In the beginning of February the U.S. Congress arranged an annual prayer breakfast, which is held every year in February in Washington, DC. This year I was privileged to attend the meeting. Members of the Senate and House of Representatives were hosting the politicians and leaders from more than 140 countries. This year Prayer Breakfast gathered together more than 3000 participants.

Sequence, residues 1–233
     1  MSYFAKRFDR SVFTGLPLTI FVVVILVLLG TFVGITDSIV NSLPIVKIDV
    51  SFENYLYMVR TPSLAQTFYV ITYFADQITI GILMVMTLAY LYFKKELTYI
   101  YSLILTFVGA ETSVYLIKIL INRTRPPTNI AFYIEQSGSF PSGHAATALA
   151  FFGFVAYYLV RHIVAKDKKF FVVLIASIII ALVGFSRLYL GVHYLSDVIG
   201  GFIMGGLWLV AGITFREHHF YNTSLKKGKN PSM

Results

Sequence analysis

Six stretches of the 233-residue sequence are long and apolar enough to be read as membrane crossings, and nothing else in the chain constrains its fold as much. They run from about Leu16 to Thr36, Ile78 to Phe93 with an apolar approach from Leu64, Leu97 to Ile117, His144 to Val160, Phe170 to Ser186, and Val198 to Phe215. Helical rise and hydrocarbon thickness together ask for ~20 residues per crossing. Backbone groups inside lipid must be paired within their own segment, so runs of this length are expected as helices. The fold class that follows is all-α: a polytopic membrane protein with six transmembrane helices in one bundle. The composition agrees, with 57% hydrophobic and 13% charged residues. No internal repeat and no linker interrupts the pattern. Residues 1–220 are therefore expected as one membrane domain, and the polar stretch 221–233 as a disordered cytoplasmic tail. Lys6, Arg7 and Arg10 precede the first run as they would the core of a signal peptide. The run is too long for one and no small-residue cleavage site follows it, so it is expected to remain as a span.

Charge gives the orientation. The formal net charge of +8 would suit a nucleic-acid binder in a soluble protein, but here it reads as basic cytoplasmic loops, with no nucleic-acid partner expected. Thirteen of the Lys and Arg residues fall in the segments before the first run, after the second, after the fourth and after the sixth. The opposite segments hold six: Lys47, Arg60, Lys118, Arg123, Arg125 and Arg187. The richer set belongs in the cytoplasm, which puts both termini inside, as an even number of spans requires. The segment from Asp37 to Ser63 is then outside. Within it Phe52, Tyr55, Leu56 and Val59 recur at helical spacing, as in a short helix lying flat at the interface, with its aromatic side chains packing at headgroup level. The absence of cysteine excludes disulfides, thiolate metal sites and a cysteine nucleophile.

What are the benefits of this class forum then? First of all, the event was steeped in harmony and joy. Lots of inspiring speeches were held. The good power of Christian faith linked together all the speeches. It felt encouraging, when the President if Haiti, Michel Martelly, said in his speech that the driving force in his work is the love of Jesus Christ. Rwandan president’s wife Jeanette Kagame told a touching story on the ongoing reconciliation work in her home country. And last but not least, President Obama’s speech. The speech, which focused on the individual’s right for freedom of religion and freedom of faith. He reminded that it is important to raise and defense those who are persecuted for their faith. This is relevant issue at a time when religious persecution in the world touches mostly Christian believers. The number of dark reports on suicide bombings against the churches and killings of Christians is growing. A large proportion of the world’s refugees leave their home country today only for the simple reason that they are vulnerable to persecution for their Christian faith. International human rights organizations reported that 80 percent of all religious persecution today touches Christian believers. Hence, Christians are the most persecuted religious group in the world. Every eleventh minute, seven days a week, 365 days a year, someone dies because of the Christian faith. Freedom of religion, which is guaranteed by the UN Declaration of Human Rights, is prohibited in a total of 200 million of Christians in 139 countries of the world. It’s not contradictory to fight for the freedom of religion, equality for all, and at the same time to direct attention to the fact that proves the persecution of Christians.